What is Marginalization? Marginalization is the process by which certain individuals or groups are excluded or pushed to the periphery of society. This can happen in a variety of ways, including discrimination, scapegoating, and something called control of the narrative. But there are a number of ways people can be marginalized. In this article we will be talking about marginalization by those with power and influence on others.
But why do people marginalize others in the first place?
Powerful interests and governments often use marginalization as a tool to silence dissent and maintain control over their populations. Powerful people may marginalize others for a variety of reasons. Some of the most common reasons include:
Maintaining power and control: Marginalizing certain groups can help powerful people maintain their power and control over resources and institutions. This can include suppressing the voices and participation of marginalized groups in political, economic, and social decision-making.
Preserving privilege: Powerful people may also marginalize others in order to preserve their own privilege and status. This can include using stereotypes and discrimination to justify unequal treatment and access to resources.
Fear and prejudice: Powerful people may also marginalize others out of fear and prejudice. For example, some people may hold negative stereotypes about certain groups and may see them as a threat to their own way of life.
Economic and political gain: Marginalizing certain groups can also be a means of economic and political gain, for example, by exploiting the labor of marginalized groups, or by using them as scapegoats to deflect blame and distract from real issues. It's also common for collusion between government enforced commercial cartels to marginalize groups that challenge the legitimacy of their enterprise.
Preservation of the status quo: Powerful people may also marginalize others to preserve the status quo, by repressing alternative perspectives and suppressing dissent.
Whatever the reason, marginalization is a effective and common strategy to delegitimize people that threaten an existing status quo.
One of the most common forms of marginalization is discrimination. Discrimination can take many forms, such as discrimination based on race, ethnicity, religion, sexual orientation, political beliefs, or more recently vaccination status. The most obvious example of this is the treatment of African Americans during the Civil Rights Movement in the United States. The government and powerful interests systematically discriminated against African Americans through discriminatory laws and practices, such as segregation and voter suppression. They also infiltrated civil rights organizations with programs like COINTELPRO to discredit and control them. This discrimination made it difficult for African Americans to participate fully in society and effectively silenced their dissenting voices.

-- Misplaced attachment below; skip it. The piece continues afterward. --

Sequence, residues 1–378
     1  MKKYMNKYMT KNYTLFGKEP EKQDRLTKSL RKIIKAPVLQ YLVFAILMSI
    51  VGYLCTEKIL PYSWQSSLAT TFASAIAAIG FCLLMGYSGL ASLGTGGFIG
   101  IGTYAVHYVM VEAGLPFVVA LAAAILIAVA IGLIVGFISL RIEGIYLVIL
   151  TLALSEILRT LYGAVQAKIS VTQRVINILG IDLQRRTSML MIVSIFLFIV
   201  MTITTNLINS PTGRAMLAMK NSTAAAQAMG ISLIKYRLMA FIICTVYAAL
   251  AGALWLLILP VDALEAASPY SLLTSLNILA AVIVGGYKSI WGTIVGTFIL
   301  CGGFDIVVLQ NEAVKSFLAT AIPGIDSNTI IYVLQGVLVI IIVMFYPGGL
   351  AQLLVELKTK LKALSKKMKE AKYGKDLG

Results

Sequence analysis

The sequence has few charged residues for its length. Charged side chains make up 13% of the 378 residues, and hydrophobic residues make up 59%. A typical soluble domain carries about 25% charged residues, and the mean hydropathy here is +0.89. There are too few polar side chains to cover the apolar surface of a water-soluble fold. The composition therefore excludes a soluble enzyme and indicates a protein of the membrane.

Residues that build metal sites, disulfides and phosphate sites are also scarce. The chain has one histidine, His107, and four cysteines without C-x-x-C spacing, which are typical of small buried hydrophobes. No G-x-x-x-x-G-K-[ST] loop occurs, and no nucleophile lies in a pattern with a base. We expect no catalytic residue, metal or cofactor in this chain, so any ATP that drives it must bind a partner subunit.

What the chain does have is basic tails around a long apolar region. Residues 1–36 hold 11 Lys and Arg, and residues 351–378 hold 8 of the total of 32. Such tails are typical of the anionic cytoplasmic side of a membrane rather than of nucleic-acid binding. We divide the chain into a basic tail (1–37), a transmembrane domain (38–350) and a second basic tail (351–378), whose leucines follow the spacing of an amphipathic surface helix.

Another form of marginalization is scapegoating. This involves blaming certain groups or individuals for social or economic problems, and then using this justification to justify repressive measures against them. An example of this is the treatment of Jewish people in Nazi Germany. The Nazi government blamed Jewish people for Germany's economic and social problems, and used this as justification for their persecution, including the Holocaust.
Another tactic used to silence dissent is control of the narrative. This can include censorship of the media, control of education and academia, and the use of propaganda to shape public opinion. Most authoritarian regimes throughout history immediately understood the necessity of taking control of the media and schools. Top dissenting voices in the media and academia are quickly removed and made an example of to create a chilling effect across the profession.
The use of fear tactics is also a common way for powerful interests and governments to control the population. This can include spreading rumors of threats to national security, public health, or social stability. An example of this is the use of the government and pharmaceutical industry directing the media to frame everyone that didn’t believe mRNA treatments for COVID-19 were safe and effective as “anti-vaxxers,” “anti-science,” or “conspiracy theorists.”
The "Red Scare" in the United States during the Cold War was another fear tactic that the US government used to justify censorship, repression, and even some pretty deplorable secret experiments on citizens thought the CIA’s clandestine MKULTRA program. In each instance the government used fear of communism to justify repression of dissenting voices and to maintain control over the population.
The dehumanizing effect of marginalization also makes it easier for powerful interests and governments to justify repression against targeted groups. This dehumanization can take the form of derogatory language, stereotypes, and negative portrayals in the media. An example of this is the portrayal of Indigenous people as savages in colonizing societies, which was used to justify the displacement and genocide of Indigenous populations.
Types of Marginalization
Discrimination based on race, ethnicity, religion, sexual orientation, or political beliefs. An authoritarian government may label certain ethnic or religious groups as "enemies of the state" and then use this justification to target them for repression.
Scapegoating, which involves blaming certain groups or individuals for social or economic problems, and then using this justification to justify repressive measures against them.
Control of the narrative, which can include censorship of the media, control of education and academia, and the use of propaganda to shape public opinion.
Use of fear tactics to control the population, such as spreading rumors of threats to national security or social stability, or creating a sense of insecurity.
Dehumanization, which can take the form of derogatory language, stereotypes, and negative portrayals in the media.
Surveillance and repression, which can include monitoring citizens’ social media, phone and internet usage, as well as strict control over the media and censorship of dissenting voices.
Violence, through the use of imprisonment, torture, and extrajudicial killings are also used to silence dissenting voices.
Economic marginalization, where a government may use economic policies and practices that discriminate against certain groups of people, leaving them in poverty and unable to participate in the political and social spheres. (For example, redlining, which was a practice that when people who were in charge of selling and renting the houses would draw lines on a map to show which areas were off limits for certain "undesirable" people.)